They’re your crucial ride companion for on-the-fly repairs. We test four multi-tools that should keep you rolling no matter what happens…
Price: £36 from www.upgradebikes.co.uk
Lezyne makes possibly the best-looking multi-tools on the market. The polished metal finish of the SV range gives them a feeling of real quality. As the name suggests, you get 11 tools on the SV11: seven different hex wrenches, two torx tools, one flat-head screwdriver and a chain-breaker.
On our bike, the only thing we couldn’t adjust with the SV11 was the Phillips-head limiter screws on our derailleurs, although these shouldn’t be something you need to adjust mid-ride anyway.
The chain-breaker is a neat little design and works well enough for any vital repairs to be carried out on the fly. The SV11 is compact and light too (just 100g) and folds up neatly to slide into a jersey pocket without snagging.
Verdict: More expensive but compact, light and great-looking with a good array of tools, 85%
Xlab Tri Tool Kit
Price: £19 from www.multisportdistribution.co.uk
Xlab’s offering is a compact bit of kit with 10 tools in a nicely presented, easily storable package. There are seven hex wrenches, a flat-head screwdriver, one torx wrench and a tyre lever. There’s also a silicone band which is ostensibly to protect the kit, but in practice is more useful at keeping the tyre lever in place with the rest of the set.
It tends to slip off on its own otherwise, which can be a little irritating. We can’t knock the range of tools on offer, but the lone tyre lever is, on its own, of little use for those tough-to-budge tyres, and the fact that it’s metal will put some off from using it with carbon rims. In any case, we’d still carry our own set of tyre levers on a ride, rendering Xlab’s lever rather pointless.
Verdict: Wonderfully compact, but the band/tyre lever combo is irritating, 74%
Park Tool IB-3C
Price: £19 from www.madison.co.uk
Park’s IB-3C is a curious tool, packed with features for a good price, but some are just a bit too fiddly. It has eight allen wrenches, a star wrench, flat-bed screwdriver, chain tool and tyre lever with two integrated spoke wrenches.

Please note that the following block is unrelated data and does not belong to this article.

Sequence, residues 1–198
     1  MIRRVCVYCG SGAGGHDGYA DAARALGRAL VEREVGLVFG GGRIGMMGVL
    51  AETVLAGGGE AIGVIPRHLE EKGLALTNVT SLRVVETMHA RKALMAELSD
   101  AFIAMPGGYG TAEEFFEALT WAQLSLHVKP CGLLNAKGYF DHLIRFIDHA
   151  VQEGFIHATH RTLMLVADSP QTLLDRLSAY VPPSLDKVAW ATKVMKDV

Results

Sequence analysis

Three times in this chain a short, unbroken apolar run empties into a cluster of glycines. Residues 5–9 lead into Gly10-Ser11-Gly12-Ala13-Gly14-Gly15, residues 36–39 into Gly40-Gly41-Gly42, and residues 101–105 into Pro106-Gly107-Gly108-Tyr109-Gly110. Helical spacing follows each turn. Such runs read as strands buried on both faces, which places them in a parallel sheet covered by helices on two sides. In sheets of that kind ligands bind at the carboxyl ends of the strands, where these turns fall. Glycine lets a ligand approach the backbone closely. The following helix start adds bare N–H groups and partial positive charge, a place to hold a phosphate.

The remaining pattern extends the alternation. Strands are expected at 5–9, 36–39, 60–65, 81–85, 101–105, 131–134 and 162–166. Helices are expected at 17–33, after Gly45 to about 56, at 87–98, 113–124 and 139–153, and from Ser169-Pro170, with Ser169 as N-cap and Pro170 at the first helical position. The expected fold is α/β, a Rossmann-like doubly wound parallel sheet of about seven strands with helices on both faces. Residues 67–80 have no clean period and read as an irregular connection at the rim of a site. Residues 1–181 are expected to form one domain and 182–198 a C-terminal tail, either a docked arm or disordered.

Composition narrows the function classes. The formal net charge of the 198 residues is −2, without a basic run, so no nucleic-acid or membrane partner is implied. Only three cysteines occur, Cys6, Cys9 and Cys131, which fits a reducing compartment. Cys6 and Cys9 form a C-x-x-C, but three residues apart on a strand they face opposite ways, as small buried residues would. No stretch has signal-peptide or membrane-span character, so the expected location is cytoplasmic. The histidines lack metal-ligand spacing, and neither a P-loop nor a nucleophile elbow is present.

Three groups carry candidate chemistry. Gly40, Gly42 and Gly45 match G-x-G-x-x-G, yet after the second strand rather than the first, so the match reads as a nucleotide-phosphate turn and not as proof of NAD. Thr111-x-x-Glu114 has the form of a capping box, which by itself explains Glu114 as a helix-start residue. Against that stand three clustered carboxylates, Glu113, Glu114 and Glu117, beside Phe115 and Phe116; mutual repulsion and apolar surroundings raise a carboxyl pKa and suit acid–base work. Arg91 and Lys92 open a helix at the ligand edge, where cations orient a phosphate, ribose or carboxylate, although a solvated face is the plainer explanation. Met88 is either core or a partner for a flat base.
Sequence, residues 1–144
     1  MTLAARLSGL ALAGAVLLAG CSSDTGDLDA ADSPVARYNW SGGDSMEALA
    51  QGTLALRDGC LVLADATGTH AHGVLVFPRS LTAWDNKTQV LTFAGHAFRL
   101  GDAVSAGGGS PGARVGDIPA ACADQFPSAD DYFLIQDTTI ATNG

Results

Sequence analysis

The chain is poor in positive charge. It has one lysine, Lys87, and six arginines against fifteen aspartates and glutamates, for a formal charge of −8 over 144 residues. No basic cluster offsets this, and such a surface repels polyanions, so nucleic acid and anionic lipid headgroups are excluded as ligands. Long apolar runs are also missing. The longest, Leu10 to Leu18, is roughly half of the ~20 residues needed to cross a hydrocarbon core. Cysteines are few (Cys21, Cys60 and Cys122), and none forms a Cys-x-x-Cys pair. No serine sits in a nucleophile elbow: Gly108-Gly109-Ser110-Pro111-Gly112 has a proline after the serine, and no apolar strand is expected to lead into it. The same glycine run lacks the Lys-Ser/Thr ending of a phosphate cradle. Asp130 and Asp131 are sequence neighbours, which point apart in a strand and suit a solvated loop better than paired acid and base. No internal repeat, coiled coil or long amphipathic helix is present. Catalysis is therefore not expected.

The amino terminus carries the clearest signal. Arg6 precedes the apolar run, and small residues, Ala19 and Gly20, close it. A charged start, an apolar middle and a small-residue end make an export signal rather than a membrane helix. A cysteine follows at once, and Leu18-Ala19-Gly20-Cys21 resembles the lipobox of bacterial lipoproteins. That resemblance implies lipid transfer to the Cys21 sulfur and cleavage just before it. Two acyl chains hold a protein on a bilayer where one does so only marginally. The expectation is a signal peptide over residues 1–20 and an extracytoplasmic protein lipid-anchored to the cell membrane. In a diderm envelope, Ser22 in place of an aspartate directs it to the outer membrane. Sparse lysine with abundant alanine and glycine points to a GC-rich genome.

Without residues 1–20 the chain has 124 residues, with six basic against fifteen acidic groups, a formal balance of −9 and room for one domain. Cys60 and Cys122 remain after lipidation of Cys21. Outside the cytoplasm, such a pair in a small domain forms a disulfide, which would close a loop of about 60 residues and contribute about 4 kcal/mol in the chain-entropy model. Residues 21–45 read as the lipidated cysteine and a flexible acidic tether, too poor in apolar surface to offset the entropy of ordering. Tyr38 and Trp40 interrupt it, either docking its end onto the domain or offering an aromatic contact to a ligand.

It’s enough to sort out pretty much any issue you might have with the bike, but in use we found the chain tool too awkward to be practical.
The tyre lever has an attachment to connect it to the chain tool so you can get more leverage, but the fit isn’t quite good enough so it slips off with any slight change in orientation.
Not ideal for the intricate job of repairing a broken chain. The IB-3C’s also a little heavy and bulky at 180g – good for a saddle pack, but not ideal for a jersey pocket.
Verdict: Great tool selection, but size and clunky chain tool lower the score, 70%
M-Part 13 Function Multi-tool
Price: £24 from www.madison.co.uk
With a slick all-matt-black look, M-Part’s tool looks like the Lezyne’s evil nemesis (although there’s a silver option too).
It has a similar design too, but manages to pack two extra functions into its neat shape: in addition to the seven allen wrenches, chain tool, T25 star key, and flat/cross-head screwdrivers, there’s a splined sprocket to pre-load Shimano cranks and a brake piston press.
It all comes with a sleeve cover, but we found it slipped off too easily and we discarded it almost immediately. The chain tool is basic but easy to use and the whole thing’s compact enough to fit in a pocket, but big enough that you don’t find it fiddly to use. The lack of a tyre lever looks like an omission, but we’d always carry a set anyway.
Verdict: Smart, compact tool with a couple of unique functions. The sleeve is pointless, 78%